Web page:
Most Fantasy football leagues do not include Week 18, so it’s a good time to hand out some hardware and specialty lists for the 2022 fantasy season. Get dressed to the nines, hop in your limo, walk the red carpet and let’s open some envelopes.
The Scoring Leader: Patrick Mahomes, 464.40 points (Yahoo basic scoring)
Despite an ordinary set of wideouts, Mahomes is headed for his second MVP award and his second career QB1 finish. Mahomes leads the league in passing yards, touchdowns and QBR, and he’s pushed his YPA back over the 8.0 mark.
He’s the best player in the league at the moment, and I don’t think anyone’s all that close.
Best Above-Fold Draft Value: Jalen Hurts, QB3
Hurts had a rising ADP all summer, percolating up to QB5 in the final draft week of the season (per NFFC data). But his improvement as a passer combined with dynamic running and constant goal-line equity made him remarkably consistent. He probably had the MVP in his back pocket before his December injury.
Late-Round and Waiver Wire Heroes: Geno Smith, Daniel Jones, Jared Goff
It looked like the Seahawks were rebooting when they traded Russell Wilson, but Smith played at a Pro-Bowl level most of the year (while Wilson fell apart in Denver). The Rams ran away from Goff two years ago, but he showed his chops with a plucky Detroit team, making handy use of an underrated supporting cast and a creative offense design.
Jones doesn’t have a lot of help at receiver, but he’s improved his decision-making and remains a dynamic runner. Coach of the Year could go to several candidates, but I lean toward New York savior Brian Daboll.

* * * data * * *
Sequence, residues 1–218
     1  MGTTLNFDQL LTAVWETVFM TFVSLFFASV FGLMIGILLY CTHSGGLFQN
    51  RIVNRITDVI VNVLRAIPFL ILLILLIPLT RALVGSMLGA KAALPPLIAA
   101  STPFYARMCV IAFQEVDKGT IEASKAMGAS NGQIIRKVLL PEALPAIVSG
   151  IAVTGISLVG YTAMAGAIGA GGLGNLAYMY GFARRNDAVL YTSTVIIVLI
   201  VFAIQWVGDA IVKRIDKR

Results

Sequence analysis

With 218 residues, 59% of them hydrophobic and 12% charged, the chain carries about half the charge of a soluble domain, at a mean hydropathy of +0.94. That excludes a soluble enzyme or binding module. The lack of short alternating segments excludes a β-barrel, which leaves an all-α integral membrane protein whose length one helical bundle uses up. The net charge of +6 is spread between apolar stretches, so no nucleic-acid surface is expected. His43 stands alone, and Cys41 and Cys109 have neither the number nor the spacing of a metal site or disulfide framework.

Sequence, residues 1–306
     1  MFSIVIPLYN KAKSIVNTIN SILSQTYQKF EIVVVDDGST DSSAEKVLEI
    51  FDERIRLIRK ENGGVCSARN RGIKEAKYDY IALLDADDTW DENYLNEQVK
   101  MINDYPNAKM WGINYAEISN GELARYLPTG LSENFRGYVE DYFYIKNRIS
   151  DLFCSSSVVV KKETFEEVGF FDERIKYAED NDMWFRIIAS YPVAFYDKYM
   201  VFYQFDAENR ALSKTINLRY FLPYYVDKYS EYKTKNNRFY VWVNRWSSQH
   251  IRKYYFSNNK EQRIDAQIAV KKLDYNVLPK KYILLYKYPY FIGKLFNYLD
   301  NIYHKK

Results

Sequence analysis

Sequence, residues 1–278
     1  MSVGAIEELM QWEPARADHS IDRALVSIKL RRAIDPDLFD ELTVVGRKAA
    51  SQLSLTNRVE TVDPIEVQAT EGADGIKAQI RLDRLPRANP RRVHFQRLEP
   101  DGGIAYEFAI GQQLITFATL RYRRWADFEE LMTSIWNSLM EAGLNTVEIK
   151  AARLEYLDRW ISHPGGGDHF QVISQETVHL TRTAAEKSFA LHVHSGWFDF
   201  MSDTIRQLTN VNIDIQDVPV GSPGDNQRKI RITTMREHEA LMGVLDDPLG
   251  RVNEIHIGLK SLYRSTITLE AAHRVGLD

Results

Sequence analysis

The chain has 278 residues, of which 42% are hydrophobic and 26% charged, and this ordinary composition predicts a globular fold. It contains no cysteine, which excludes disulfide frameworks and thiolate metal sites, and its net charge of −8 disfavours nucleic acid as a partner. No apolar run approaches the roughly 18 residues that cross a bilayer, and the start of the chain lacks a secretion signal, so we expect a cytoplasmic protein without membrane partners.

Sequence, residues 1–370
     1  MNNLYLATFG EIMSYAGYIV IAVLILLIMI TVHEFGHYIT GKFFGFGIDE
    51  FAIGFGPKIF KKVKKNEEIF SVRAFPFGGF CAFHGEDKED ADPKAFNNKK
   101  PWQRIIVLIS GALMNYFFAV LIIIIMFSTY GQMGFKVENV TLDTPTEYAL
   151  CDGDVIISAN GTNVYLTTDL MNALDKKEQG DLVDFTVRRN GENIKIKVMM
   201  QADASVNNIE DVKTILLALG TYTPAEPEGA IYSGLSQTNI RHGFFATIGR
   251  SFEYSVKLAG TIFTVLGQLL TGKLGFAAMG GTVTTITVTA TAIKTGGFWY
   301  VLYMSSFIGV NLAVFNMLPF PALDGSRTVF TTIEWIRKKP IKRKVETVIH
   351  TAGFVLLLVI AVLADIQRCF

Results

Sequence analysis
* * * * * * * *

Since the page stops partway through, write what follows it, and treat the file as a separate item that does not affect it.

Running Back Awards
The Scoring Leader: Austin Ekeler, 314 points
Ekeler was an efficient touchdown scorer (18 spikes, 13 on the ground) and the runaway leader in running-back targets and receptions. The Chargers needed Ekeler more than ever with Mike Williams and Keenan Allen missing extensive time, and Ekeler was up to the task.
Best Above-Fold Draft Values: Josh Jacobs, Miles Sanders, Rhamondre Stevenson
I was one of the analysts worried about Jacobs, noting the team passing on his player option and concerned about the offensive line. Jacobs proved me flat wrong, rambling to a RB3 finish. Sanders was part of a perfect Philadelphia fantasy offense, a high-scoring team with a highly concentrated usage tree. Sanders lost some touchdowns to Hurts of course, but Philadelphia did not use a second running back proactively. Score another win for positive touchdown regression.
The Patriots' offense was a difficult watch most weeks, with Stevenson the only exception.
Late-Round and Waiver Wire Heroes: Jamaal Williams, Jerick McKinnon, Tyler Allgeier, D'Onta Foreman